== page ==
As Joe would say: ”No joke .. I’m not kidding”.

From the passage of the $1.9 trillion until Putin invaded Ukraine (February 24, 2022), the inflation rate more than doubled again … from 3.5% to 8%.

That means that from inauguration day until Putin’s invasion, the inflation rate increased more than 5-fold … from 1.5% to 8%.

Since Putin’s invasion, the inflation rate increased from 8% to 8.5% … that .5 percentage point translates to about a 6% increase in the inflation rate.

Bottom line: Doing some simple math (i.e. not complicating things with compounding and carryover effects), of the 7% increase in the inflation rate since inauguration day (1.5% to 8.5%), Biden gets over 90% of the blame and Putin gets less than 10%.

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Not even the birds that were flying around in the barn where Biden gave his speech bought into his malarkey.

As he was reading from the teleprompter — in a perfect metaphor — a bird literally called BS on him (where the B stands for “bird”, not “bull”).

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click to view the video clip

Some critics have opined that Biden’s presidency is “for the birds” .

Apparently, birds take offense at that notion.

Oh no, not more ethanol…

April 12, 2022

Biden’s energy solutions go from dumb to dumber.
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OK, I’ve got a personal ax to grind in this one.

Instead of encouraging a restoration of U.S. based oil & gas production, Biden has decided to “temporarily” increase the allowable ethanol content in gasoline from 10% to 15%.

Note: “Temporarily” is a synonym for “transient” … as in “transient inflation”.

Ostensibly, the move is intended to stretch U.S. oil supplies by, in effect, diluting the oil content in gas … as a means of curbing inflation at the pumps.

Oil industry execs oppose the move, arguing that it will shave, at most, one thin dime off a gallon of gas … and may have a net zero effect since gas refiners will incur higher costs shifting over to the 15% mix.

Greenies oppose the move since vehicle smog emissions increase as more ethanol is added to the gas blend.

Legal eagles point out that “A three-judge panel on the U.S. Court of Appeals for the District of Columbia Circuit has already ruled that the EPA had improperly reinterpreted legal language in the Clean Air Act long understood as limiting ethanol to 10% of the content of gasoline.” Source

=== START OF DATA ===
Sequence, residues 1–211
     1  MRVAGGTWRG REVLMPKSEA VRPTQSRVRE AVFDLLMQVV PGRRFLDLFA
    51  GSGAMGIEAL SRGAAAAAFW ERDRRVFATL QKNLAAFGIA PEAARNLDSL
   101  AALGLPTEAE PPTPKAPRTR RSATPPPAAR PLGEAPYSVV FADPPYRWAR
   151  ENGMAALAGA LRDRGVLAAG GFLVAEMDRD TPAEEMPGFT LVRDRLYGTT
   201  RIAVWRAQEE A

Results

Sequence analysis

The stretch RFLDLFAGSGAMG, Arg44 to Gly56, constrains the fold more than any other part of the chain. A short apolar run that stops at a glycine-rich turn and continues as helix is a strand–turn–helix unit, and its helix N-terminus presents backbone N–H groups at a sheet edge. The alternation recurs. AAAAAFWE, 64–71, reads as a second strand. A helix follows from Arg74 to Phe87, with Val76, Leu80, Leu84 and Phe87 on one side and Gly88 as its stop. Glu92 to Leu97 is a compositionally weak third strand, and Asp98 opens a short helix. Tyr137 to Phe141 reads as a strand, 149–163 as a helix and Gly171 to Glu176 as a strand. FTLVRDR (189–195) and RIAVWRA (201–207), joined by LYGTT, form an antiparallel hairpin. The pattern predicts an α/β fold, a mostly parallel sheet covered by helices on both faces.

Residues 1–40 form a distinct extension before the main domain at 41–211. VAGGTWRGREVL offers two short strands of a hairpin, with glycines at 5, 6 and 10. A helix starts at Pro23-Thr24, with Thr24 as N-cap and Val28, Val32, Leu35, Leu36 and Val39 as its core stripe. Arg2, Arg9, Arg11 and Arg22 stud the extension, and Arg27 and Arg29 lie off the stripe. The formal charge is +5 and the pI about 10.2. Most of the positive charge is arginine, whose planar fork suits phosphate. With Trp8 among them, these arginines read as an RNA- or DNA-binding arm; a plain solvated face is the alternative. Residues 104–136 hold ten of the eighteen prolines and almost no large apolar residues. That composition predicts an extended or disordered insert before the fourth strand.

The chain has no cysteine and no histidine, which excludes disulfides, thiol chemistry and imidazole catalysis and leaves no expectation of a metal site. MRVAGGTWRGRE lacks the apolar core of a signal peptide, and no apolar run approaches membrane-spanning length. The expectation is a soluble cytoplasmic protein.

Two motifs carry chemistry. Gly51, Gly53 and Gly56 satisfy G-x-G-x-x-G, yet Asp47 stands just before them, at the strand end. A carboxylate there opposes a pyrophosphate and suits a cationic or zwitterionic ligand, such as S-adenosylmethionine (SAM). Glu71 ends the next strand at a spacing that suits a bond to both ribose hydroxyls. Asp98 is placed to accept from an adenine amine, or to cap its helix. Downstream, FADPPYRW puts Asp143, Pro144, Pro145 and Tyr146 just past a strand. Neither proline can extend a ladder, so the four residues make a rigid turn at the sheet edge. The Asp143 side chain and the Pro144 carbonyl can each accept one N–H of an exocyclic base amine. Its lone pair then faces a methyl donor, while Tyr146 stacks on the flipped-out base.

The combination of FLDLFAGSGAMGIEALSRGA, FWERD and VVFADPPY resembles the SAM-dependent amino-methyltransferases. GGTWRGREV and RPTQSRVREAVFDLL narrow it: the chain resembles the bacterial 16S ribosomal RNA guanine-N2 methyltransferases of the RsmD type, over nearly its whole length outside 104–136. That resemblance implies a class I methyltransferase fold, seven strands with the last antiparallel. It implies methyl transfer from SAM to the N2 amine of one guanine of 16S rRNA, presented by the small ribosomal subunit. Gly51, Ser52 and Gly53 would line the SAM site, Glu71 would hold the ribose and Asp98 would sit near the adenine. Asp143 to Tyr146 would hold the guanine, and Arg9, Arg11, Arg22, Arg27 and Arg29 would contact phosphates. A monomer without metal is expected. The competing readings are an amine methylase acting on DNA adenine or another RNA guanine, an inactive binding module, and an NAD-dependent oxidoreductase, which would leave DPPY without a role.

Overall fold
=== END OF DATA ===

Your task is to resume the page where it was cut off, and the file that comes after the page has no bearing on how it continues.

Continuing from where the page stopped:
But, Biden administration lawyers say that Biden’s decision is based on a “different authority”.

You know, that wormy “We’ll do as we please with executive orders … and you can try to stop us.”

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And, what’s my beef?

Anybody with a car, a lawn mower or a boat knows that that ethanol literally gums up engines … hurting engine performance and often damaging engines.

I know that firsthand … having spent mucho buckos to “remediate” the ethanol effects on my boat’s engine.

The latter is a well known, wide spread and costly problem as evidenced by the springing up of ethanol-free gas pumps at marinas.

In effect, Biden’s move shift costs from the pumps to repair shops.

That said, I expect Psaki to throw shade for Biden with a variant of her “Boo-hoo your Peloton is trapped in the supply chain” wise crack.

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P.S. Corn farmers love the move to increase the ethanol content in gas.

Why?

It increases the demand for and price of corn.

In economics, it’s called “trading nickels”.

In strategic analysis, it’s called “going for the capillaries instead of the jugular.”

WaPo perplexed by Hunter Biden cover-up … say, what?

April 6, 2022

Paper mulls: Why was the Hunter Biden story buried in the run-up to the 2020 election?
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Duh!

Let’s recap the story…

In October 2020 (i.e. a month before the election), the NY Post broke a story that a laptop belonging to Hunter Biden had surfaced which contained emails and other documentation that Hunter had “earned” millions of dollars by trading on his father’s name and political clout … with the Ukrainians and Chinese.

The story was conveniently ignored or dismissed by Biden-supporting media (i.e. all but the NY Post and Fox) as “Russian misinformation”.

A couple dozen “intelligence officials”  lent credence to the disinformation claim in an open letter …   though many of them admitted they had no evidence of Russian involvement.

So, the story was effectively blacked out … Twitter banned the NY Post and squashed posts that referenced the laptop story … Facebook’s algorithms buried the story.

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But, last month — a year and a half after the NYP’s story broke — the New York Times published an article indicating that they had confirmed that the laptop story was essentially true … and that there was hard evidence that Hunter had been profiting by trading on his father’s position as then-VP.

Holy Smokes, Batman … America’s self-proclaimed newspaper of record says there’s fire under the smoke.

Following the Times’ authentication, the Washington Post apparently felt some need to dig into the story and “discovered” evidence of Hunter’s misdeeds.

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Apparently, those revelations stirred some ethical angst at WaPo … whose editors wrote a mea culpa of sorts:

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A “reckoning”?